How SASE Helps Overcome Security & Connectivity Challenges In Manufacturing
The manufacturing industry is undergoing a major transformation (a.k.a. Industry 4.0). Everything from production to supply chain to logistics is getting digitized (especially after the pandemic) and technologies like Robotic Process Automation (RPA), AI and the Internet of Things are ushering in a new era of smart factories. That said, there are a number of foundational, technological challenges that could hamper digital transformation ambitions of manufacturers. These include:
Lack Of Cybersecurity Readiness
Studies show manufacturing is subject to the highest number of cyberattacks across all leading industries. Legacy industry automation control systems were built decades ago and were never designed with internet connectivity and security in mind. A majority of these devices run legacy software, have a number of inherent vulnerabilities and receive no updates and therefore are at serious risk of cyberattack. In such a complex environment, rapid incident response is also a major challenge as security teams will have limited visibility and control on the environment. Moreover, the manufacturing industry has never been subject to as much regulatory compliance like healthcare and financial services, therefore an overall lack of readiness exists when it comes to cybersecurity.
Expensive Connectivity, Poor Scalability and Rigidity
Manufactures are constantly adding new products and capabilities, acquiring new businesses and opening new offices everywhere. This is going to require a dedicated, stable, and secure connectivity backbone. Most manufacturers use MPLS, however setting up a new MPLS connection for every new office is going to be cost-prohibitive and since many manufacturers are located in remote locations, it is not always easy for carriers to offer, maintain or support MPLS connections. Multi-protocol Label Switching by design also does not have the scalability and flexibility of cloud computing since it cannot be scaled on-demand. To overcome this problem, some manufacturers are deploying SD-WAN technology, however, SD-WAN is more suited for regional deployments, not global use cases, which is what many manufacturers demand.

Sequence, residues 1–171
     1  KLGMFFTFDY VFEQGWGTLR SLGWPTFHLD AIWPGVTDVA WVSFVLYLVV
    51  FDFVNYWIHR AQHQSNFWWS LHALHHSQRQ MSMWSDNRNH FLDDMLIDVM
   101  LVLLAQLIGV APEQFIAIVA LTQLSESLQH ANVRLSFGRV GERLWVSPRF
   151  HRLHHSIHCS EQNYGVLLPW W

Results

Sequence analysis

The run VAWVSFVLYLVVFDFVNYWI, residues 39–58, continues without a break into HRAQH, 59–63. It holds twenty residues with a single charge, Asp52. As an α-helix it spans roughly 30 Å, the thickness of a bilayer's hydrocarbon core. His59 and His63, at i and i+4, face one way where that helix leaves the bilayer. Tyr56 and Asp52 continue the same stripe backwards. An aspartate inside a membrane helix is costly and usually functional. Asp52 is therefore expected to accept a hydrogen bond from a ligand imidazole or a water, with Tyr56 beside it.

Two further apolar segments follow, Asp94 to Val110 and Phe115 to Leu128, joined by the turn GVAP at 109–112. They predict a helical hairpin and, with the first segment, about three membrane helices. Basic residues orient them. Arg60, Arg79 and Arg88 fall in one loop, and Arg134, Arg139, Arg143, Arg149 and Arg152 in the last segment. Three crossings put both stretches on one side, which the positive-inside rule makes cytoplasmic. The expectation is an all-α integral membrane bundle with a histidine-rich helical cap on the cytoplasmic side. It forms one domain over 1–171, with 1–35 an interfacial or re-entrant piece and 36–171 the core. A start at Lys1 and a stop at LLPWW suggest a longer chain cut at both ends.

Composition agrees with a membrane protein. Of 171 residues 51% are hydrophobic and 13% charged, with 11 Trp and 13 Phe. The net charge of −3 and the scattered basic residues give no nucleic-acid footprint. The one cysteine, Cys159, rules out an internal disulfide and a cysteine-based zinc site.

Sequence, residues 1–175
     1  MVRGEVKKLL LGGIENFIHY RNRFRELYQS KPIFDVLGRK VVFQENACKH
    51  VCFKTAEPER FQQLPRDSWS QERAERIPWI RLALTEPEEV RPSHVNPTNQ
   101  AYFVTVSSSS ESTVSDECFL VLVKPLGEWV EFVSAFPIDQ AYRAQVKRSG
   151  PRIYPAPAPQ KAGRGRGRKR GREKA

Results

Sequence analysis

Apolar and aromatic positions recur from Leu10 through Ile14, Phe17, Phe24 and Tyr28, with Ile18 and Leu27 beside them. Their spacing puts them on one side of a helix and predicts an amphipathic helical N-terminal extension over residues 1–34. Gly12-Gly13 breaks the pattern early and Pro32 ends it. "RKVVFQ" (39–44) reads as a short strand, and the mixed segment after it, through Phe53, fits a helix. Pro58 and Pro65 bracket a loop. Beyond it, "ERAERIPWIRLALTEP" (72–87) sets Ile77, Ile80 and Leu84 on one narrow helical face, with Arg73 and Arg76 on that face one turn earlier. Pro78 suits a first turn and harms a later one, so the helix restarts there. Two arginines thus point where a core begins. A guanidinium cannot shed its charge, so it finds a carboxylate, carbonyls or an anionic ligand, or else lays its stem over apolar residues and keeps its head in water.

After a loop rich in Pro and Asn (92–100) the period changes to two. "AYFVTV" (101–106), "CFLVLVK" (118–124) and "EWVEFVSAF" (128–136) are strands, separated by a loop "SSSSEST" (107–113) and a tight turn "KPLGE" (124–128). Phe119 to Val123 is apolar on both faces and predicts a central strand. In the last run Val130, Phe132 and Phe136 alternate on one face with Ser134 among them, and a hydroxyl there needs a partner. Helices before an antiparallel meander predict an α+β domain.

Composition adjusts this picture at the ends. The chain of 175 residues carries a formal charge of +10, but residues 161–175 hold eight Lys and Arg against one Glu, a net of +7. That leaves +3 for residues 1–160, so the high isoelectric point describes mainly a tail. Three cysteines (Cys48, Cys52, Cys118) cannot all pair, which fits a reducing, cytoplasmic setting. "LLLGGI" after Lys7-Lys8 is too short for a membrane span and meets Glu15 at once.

Poor Cloud Performance
MPLS is designed for point-to-point connectivity, which means that there is no way to access SaaS applications directly. This affects application performance and employee productivity since most workers now use third-party SaaS applications (like Microsoft 365, Salesforce, Plex ERP, FactoryTalk, SAP) which require predictable and high-performance internet access. Furthermore, since much of the traffic is going to and from cloud providers anyway, this makes MPLS a little impractical and suboptimal.
Too Many Networking And Security Tools
Most manufacturers deploy a range of network and security equipment that can get complicated to manage, especially when one has limited resources or certain equipment requires specialized skills. One of the first and foremost challenges of course is maintaining multiple MPLS connections and multiple telecom vendors. All software, hardware, and devices have different interfaces. Monitoring different tools, applications, and users 24x7 from a security perspective can get tiresome fast. Then there’s also the added complexity from acquisitions. If the business regularly acquires other businesses, managing and monitoring additional equipment can get complex and challenging to say the least.